The real Medicaid work problem is not with low-income Missourians, but with the politicians in Missouri who won’t do their jobs.
What could you do with $5,000 in annual income, which is roughly $100 a week? Could you support a family of three? Could you afford your rent or electric bill? Could you pay for health insurance? In the Show Me state, that meager sum currently places you above the income threshold to qualify for Medicaid.
For roughly 300,000 Missourians, they earn too much to qualify for Medicaid, and yet not enough to benefit from the Affordable Care Act’s financial assistance to pay for health insurance in the marketplace, leaving them in a coverage gap that is difficult to escape.
Instead of joining the growing contingent of states across the nation – 36 and counting – in expanding access to a proven health insurance program, our elected leaders in Jefferson City are attempting to enact barriers to health coverage for our state’s neediest residents.
Bills filed and moving in both chambers of the Missouri General Assembly would impose reporting requirements on Medicaid and SNAP beneficiaries. At a time when Missouri is experiencing a significant budget shortfall, our government needs less red tape and bureaucracy, not more. It’s foolish to think that adding reporting requirements will do anything except cost our state more money, add more paperwork for everyone, and take health care away from Missourians.
Governor Parson expressed in his State of the State a desire to make Medicaid more efficient to save money and better accommodate our state’s residents – but these will have the opposite effect.
If we want to look at the devastating consequences these paperwork penalties have on real people, we need look no further than our neighbor to the south, Arkansas. Since implementing these reporting requirements last June, more than 18,000 Arkansans have lost needed health care coverage – and counting. Health care experts believe the losses are due in large part to the restrictive reporting requirements and efforts to inform beneficiaries – not a lack of effort by participants. Stripping away one’s health care because of bureaucratic requirements punishes those who are struggling to make ends meet while raising kids and dealing with ongoing health issues.
Due to Missouri’s extremely low eligibility levels – one of the lowest in the country – most participants can’t work more hours without losing their health insurance. If Missouri adds reporting requirements, low-income parents will be in an impossible situation – if they can’t prove they’re working, they’ll lose their coverage; if they work enough to earn more than $100 a week, they’ll lose their coverage.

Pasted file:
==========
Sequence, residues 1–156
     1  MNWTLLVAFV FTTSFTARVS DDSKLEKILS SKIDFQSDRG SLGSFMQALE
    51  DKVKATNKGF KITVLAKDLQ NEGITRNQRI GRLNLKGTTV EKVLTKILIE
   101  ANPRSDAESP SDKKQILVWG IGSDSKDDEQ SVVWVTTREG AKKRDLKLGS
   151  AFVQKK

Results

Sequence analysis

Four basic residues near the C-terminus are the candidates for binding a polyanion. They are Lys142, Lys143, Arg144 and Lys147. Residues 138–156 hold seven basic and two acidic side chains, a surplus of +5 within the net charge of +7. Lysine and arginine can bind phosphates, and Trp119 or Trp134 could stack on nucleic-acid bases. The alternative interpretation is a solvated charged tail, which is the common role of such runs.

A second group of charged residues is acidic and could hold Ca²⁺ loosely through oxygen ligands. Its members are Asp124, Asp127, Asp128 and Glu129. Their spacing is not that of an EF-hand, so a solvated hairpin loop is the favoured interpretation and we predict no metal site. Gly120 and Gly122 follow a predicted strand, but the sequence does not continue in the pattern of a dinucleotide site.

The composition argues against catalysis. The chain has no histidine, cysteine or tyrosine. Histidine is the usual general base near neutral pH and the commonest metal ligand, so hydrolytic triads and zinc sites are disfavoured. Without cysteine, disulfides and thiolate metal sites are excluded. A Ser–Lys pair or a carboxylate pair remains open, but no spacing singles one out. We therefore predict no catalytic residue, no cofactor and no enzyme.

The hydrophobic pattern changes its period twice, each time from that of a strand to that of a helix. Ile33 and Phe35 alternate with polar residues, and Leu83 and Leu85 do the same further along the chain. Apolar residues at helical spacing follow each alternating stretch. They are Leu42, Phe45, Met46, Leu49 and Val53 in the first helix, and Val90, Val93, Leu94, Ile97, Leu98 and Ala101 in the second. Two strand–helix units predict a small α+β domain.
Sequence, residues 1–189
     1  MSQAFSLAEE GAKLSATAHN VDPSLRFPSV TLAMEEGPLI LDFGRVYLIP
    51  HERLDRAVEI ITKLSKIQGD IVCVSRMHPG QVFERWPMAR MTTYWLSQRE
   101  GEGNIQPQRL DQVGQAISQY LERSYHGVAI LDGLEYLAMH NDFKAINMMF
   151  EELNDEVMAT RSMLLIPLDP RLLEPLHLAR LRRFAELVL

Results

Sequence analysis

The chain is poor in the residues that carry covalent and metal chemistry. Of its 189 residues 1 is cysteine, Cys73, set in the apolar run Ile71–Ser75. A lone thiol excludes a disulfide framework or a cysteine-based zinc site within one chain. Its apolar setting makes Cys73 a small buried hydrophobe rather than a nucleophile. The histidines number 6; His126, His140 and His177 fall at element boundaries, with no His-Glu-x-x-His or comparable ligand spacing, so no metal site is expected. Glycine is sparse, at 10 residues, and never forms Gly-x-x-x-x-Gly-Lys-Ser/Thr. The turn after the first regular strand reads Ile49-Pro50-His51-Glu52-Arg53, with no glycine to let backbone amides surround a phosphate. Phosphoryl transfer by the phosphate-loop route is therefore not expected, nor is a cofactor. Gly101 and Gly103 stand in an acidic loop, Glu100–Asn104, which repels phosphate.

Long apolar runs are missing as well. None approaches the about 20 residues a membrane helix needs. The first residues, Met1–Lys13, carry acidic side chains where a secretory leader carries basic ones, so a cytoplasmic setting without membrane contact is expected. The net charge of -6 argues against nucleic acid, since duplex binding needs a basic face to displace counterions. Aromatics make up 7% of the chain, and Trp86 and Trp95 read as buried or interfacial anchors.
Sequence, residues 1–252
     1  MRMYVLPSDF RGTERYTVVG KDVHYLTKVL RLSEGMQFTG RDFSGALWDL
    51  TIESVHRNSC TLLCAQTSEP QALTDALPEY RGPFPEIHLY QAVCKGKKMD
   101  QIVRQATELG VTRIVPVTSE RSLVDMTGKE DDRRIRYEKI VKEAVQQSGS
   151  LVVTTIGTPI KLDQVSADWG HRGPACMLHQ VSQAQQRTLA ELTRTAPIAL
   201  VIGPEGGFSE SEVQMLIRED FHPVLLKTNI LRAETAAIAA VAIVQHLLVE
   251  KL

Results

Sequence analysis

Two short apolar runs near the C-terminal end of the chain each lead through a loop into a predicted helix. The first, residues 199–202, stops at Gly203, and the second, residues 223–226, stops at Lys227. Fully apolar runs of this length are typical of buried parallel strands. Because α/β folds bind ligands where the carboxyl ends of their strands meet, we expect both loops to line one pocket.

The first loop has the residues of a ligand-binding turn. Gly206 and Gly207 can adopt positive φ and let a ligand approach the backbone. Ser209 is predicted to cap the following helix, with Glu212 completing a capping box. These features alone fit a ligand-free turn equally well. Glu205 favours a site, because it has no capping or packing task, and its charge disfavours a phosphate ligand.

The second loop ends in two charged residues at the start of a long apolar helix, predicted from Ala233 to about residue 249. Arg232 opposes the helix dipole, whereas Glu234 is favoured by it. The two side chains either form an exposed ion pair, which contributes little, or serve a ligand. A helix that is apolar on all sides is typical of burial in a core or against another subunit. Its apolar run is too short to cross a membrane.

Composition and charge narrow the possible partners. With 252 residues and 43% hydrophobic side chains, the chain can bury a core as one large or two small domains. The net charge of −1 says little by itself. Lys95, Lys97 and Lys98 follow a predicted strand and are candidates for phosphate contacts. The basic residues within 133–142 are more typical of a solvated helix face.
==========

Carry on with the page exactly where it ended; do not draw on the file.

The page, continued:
Gov. Parson, Speaker Elijah Haahr and others have prioritized workforce development. To look for and keep a job, one must be healthy first. Punishing people who have lost a job, work seasonal or irregular hours, or work with changing schedules, should not have their access to medication or medical care put in jeopardy. This would only leave them sicker and less able to work in the future.
The real Medicaid work problem is not with low-income Missourians, but with the politicians in Missouri who won’t do their jobs. It’s past time for lawmakers in Jefferson City to earn their salaries – and the taxpayer-subsidized health insurance we pay for – by seeking solutions to the health care needs of their constituents.
Representatives and senators in the Missouri General Assembly ought to stop erecting barriers to coverage, and instead look for ways to expand coverage and put the billions we send to other states back to work here in Missouri – now that’s a work requirement that makes sense.
In Ohio, three quarters of Medicaid expansion participants who were looking for work stated that Medicaid coverage made it easier to do so. Medicaid also works in other ways. Increasing health care coverage through Medicaid would give hard-working Missourians access to affordable health care. Healthier individuals lead to more stable families and stronger communities.
Missourians are common sense folk, and yet, skeptical people. Many decades ago, a legislator from our state implored his fellow politicians to “show me.” Today, the evidence is all around us. Work requirements don’t work.
The 100th Missouri General Assembly is one of historic significance. What could be of more significance to hundreds of thousands of Missourians than to work toward better health care for all? Let’s work together to move Missouri forward.
Stephen Eisele, 32, is a health care advocate living in Richmond Heights. He serves as board president, Missouri Health Care Action, and board member, Missouri Health Care for All.